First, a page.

A miscarriage is described as the loss of a pregnancy or a baby before the baby is born. Most miscarriages occur within the first 20 weeks of the pregnancy. Most women cannot prevent miscarriages, but most are able to get pregnant again after having one.
What to Expect
If a pregnant woman is having unusual vaginal bleeding, fever or chills, severe abdominal pain, a bad odor coming from the vaginal area, and/or a high temperature, she may be experiencing a miscarriage and should seek medical attention immediately. The patient may be prescribed medication for the pain following the miscarriage. If there is any tissue left in the uterus, this can cause heavy bleeding and must be removed. Removing this tissue will also help prevent infection. Patients are usually recommended to stay in bed until the heavy bleeding has stopped or slowed. A blood transfusion may be necessary, depending on how much blood was lost during the miscarriage. Women who experience a miscarriage are often recommended to seek counseling.
The doctor will most likely want to see the patient two to six weeks after the miscarriage for follow-up. The patient can expect vaginal bleeding or spotting for up to 10 days after the miscarriage. She will be advised to rest and slowly return to normal activity. How soon the woman can resume normal sexual activities will be at the recommendation of her doctor. Women are usually advised to have at least two to three normal periods before trying to get pregnant again. Birth control can be used if the woman would prefer not to get pregnant again.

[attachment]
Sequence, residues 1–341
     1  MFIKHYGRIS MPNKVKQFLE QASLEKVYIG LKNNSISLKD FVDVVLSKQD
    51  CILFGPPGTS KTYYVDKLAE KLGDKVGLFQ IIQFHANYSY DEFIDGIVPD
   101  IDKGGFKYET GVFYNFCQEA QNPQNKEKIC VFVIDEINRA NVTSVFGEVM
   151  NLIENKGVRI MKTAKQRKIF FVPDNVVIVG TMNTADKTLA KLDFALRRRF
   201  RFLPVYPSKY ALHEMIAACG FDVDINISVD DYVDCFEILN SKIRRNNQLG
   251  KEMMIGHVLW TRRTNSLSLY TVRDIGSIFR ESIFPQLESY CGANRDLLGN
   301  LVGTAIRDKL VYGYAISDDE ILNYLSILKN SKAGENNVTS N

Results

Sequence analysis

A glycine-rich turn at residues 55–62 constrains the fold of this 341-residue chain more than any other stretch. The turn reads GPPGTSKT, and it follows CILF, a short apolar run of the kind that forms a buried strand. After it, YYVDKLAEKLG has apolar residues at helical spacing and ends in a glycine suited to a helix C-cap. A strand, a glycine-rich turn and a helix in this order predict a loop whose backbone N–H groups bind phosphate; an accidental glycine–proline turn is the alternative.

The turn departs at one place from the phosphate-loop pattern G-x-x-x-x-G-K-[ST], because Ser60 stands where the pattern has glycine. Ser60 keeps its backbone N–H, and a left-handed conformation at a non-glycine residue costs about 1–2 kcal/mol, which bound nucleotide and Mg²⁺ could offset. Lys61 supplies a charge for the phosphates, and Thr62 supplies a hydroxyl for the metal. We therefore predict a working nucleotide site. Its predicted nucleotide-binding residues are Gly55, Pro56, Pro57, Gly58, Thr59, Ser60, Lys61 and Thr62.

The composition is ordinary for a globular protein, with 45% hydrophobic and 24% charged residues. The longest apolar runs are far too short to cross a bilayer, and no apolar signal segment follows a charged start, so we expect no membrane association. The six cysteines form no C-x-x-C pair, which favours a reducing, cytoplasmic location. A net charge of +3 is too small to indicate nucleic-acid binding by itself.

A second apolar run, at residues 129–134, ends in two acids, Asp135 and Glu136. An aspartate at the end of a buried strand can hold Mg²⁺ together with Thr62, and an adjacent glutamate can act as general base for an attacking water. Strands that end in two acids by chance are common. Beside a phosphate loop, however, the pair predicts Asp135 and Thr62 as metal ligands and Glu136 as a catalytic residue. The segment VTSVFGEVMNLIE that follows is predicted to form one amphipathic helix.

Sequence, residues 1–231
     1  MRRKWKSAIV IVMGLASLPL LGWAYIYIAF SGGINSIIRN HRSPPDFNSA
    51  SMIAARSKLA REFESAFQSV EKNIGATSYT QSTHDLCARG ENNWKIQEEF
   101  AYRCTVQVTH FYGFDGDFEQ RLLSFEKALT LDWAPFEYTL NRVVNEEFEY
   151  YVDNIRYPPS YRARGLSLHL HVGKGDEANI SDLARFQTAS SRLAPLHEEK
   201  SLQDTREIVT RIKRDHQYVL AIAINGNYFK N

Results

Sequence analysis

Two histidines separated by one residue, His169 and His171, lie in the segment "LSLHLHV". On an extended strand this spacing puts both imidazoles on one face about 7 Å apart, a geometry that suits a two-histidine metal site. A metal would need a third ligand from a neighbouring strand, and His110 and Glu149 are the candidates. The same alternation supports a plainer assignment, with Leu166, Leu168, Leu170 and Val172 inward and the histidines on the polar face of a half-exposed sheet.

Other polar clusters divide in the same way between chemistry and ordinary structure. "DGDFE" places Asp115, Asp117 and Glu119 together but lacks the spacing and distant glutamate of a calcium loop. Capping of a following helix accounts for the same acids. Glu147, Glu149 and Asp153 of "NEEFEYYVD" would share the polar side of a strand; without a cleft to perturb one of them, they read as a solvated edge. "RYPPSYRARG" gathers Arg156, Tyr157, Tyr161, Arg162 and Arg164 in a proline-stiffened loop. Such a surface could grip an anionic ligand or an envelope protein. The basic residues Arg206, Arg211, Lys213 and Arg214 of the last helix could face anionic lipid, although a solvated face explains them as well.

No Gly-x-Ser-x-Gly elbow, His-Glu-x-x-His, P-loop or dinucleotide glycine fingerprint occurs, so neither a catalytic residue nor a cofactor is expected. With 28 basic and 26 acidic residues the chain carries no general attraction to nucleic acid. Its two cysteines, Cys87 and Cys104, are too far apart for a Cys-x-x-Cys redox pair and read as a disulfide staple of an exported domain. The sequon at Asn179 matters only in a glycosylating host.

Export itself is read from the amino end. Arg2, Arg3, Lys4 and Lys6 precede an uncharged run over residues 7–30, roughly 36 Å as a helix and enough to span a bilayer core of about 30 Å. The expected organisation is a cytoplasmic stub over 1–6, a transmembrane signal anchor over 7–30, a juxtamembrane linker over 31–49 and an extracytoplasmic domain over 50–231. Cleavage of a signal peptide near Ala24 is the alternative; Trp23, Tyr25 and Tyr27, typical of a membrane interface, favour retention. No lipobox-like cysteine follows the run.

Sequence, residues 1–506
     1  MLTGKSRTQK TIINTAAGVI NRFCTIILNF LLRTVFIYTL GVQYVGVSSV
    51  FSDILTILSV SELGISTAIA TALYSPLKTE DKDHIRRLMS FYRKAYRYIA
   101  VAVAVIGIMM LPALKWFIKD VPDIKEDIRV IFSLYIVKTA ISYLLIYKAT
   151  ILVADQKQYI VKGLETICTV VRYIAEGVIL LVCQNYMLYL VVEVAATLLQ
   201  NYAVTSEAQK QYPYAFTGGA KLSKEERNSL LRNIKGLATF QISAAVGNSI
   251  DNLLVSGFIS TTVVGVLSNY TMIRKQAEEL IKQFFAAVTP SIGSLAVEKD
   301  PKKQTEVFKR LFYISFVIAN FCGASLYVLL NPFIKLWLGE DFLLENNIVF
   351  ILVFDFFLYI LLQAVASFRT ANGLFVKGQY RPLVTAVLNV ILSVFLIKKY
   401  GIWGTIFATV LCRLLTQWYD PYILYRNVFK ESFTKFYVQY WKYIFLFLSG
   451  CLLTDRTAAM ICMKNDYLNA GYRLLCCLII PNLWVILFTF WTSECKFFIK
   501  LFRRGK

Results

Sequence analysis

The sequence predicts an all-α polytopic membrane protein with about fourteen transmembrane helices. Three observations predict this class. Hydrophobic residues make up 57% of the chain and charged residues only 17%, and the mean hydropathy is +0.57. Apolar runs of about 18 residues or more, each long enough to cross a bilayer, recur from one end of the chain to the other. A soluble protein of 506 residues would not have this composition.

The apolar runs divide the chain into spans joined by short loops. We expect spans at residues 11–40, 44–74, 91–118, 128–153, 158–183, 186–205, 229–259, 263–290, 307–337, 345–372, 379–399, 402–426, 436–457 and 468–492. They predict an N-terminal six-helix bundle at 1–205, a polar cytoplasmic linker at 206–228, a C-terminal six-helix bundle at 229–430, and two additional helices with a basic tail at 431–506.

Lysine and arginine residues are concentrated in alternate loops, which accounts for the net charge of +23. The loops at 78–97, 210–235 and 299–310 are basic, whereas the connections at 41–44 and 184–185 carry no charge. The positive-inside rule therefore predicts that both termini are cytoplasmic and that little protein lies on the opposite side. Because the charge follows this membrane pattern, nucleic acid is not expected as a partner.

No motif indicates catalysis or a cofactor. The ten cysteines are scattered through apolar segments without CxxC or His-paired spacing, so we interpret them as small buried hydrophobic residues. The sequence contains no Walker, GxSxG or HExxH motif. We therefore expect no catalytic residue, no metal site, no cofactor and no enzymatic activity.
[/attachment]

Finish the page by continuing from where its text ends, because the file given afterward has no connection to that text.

Taking Birth Control
Both progestin-only birth control pills and combination birth control pills can be taken immediately following a miscarriage. Progestin-only pills can be started at any time and should be combined with another method of birth control for the first 48-hours of use. Full protection will begin after two days of taking the pill. Combination pills can also be taken at any time. Women who do not want to get pregnant again after a miscarriage can start their birth control pills immediately without waiting for their next period to start. If starting birth control without waiting for the next period, additional protection should be used during sexual intercourse for one week.
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